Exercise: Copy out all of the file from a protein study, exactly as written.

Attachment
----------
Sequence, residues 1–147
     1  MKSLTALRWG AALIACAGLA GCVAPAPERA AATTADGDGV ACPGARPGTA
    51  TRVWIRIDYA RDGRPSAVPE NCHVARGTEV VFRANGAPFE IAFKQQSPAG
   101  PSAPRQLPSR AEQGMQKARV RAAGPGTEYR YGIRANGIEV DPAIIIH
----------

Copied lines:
Sequence, residues 1–147
     1  MKSLTALRWG AALIACAGLA GCVAPAPERA AATTADGDGV ACPGARPGTA
    51  TRVWIRIDYA RDGRPSAVPE NCHVARGTEV VFRANGAPFE IAFKQQSPAG
   101  PSAPRQLPSR AEQGMQKARV RAAGPGTEYR YGIRANGIEV DPAIIIH